Peak Season: Black Mission Figs


Photograph courtesy Flickr/Lara604

With wrinkled purple skin and moist flesh the color of watermelon, black mission figs are bursting (sometimes literally) from market stands come late summer. Their history mirrors that of our state—the name comes from the San Diego Mission, which was cultivating black figs in the 18th century—and they go from sweet to savory preparations without missing a beat. “I braise figs in a mix of spices, orange peel, and a Spanish wine,” says pastry chef Karen Hatfield of Hatfield’s. “Then I reduce the liquid and use it for all kinds of things: spooned on top of my goat’s milk panna cotta or combined with raspberries and sandwiched between hot shortcakes.”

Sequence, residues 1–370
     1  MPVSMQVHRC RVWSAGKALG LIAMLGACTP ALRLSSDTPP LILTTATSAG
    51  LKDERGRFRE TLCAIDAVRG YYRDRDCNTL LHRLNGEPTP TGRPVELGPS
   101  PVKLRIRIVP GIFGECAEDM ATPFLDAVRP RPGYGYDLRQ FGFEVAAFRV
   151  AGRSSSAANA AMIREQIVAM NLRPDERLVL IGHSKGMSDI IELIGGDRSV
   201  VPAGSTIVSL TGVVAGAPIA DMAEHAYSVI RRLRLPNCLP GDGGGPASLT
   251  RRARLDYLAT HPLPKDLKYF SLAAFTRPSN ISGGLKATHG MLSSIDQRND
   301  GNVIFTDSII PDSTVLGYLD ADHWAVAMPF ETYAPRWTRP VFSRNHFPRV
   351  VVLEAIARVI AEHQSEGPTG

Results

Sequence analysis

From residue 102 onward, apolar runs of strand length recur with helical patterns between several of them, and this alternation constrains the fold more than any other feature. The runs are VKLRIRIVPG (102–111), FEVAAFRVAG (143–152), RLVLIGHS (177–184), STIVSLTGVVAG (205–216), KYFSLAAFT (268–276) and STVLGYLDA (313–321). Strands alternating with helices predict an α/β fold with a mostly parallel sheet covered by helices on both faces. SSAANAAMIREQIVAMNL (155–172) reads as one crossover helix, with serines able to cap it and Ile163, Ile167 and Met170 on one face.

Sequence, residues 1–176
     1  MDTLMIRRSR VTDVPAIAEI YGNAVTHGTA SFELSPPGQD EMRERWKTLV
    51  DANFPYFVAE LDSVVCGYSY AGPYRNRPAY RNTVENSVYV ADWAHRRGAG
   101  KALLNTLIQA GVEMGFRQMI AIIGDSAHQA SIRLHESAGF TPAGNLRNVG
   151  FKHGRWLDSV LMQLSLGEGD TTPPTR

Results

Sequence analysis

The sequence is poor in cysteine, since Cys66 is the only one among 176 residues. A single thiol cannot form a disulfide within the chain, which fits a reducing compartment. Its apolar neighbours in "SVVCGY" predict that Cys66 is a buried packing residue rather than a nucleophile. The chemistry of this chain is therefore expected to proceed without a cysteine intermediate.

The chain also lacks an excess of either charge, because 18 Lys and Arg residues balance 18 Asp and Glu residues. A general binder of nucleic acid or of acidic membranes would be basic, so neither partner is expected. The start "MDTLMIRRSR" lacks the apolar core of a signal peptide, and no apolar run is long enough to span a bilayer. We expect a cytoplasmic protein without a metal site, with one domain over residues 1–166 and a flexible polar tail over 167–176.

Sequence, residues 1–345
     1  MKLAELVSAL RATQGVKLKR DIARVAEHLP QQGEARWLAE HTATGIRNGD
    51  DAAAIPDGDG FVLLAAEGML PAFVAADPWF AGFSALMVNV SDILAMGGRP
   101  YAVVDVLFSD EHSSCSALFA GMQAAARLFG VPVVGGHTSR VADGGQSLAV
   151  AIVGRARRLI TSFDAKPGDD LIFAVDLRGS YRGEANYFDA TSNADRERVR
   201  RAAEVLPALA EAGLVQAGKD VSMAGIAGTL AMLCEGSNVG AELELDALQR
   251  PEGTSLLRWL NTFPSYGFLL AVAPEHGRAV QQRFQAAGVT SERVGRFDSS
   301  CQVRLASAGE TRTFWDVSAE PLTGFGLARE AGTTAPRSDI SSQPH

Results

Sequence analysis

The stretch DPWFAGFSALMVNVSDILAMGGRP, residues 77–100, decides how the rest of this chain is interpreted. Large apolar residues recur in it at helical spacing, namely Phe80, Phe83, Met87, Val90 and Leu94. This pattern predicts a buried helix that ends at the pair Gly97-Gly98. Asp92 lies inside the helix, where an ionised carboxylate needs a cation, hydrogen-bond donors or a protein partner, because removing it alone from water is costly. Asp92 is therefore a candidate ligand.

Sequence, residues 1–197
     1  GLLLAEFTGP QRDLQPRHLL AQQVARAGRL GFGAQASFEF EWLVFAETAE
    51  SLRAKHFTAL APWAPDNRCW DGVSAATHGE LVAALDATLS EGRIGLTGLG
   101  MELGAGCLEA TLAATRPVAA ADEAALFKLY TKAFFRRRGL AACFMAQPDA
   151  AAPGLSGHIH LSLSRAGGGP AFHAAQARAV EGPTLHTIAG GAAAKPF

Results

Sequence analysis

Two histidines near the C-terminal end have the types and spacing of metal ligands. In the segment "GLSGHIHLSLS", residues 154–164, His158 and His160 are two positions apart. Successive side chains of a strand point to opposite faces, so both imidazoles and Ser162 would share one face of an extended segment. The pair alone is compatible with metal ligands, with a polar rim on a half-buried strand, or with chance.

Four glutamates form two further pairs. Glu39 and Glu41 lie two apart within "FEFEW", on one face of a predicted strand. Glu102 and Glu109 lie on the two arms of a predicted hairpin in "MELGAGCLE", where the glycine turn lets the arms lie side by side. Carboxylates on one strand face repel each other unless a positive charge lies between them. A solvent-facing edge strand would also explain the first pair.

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Suter oversees all dining and food coverage in Los Angeles. In May 2012, Suter took home a James Beard Award, the first ever awarded for food coverage in a general-interest publication. She has lent her culinary know-how to national publications including Saveur and Conde Nast Traveler, has appeared on a number of television and radio programs including Fox’s Hell’s Kitchen and Top Chef Masters, and is a regular guest on KCRW’s Good Food. She began her career as an Associate Editor at the music magazine Filter and later served as Editor-In-Chief of the alternative weekly newspaper L.A. Alternative.